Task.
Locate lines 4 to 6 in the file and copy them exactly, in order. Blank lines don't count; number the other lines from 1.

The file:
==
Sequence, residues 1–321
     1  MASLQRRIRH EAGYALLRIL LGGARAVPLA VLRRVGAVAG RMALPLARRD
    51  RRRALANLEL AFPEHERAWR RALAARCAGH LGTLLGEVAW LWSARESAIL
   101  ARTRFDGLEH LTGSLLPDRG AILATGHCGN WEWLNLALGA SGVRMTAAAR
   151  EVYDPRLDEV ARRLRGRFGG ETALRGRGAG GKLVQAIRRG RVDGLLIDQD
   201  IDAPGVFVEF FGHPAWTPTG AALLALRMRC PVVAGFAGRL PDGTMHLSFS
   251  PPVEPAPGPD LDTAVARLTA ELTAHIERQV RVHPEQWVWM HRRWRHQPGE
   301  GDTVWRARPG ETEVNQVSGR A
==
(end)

   101  ARTRFDGLEH LTGSLLPDRG AILATGHCGN WEWLNLALGA SGVRMTAAAR
   151  EVYDPRLDEV ARRLRGRFGG ETALRGRGAG GKLVQAIRRG RVDGLLIDQD
   201  IDAPGVFVEF FGHPAWTPTG AALLALRMRC PVVAGFAGRL PDGTMHLSFS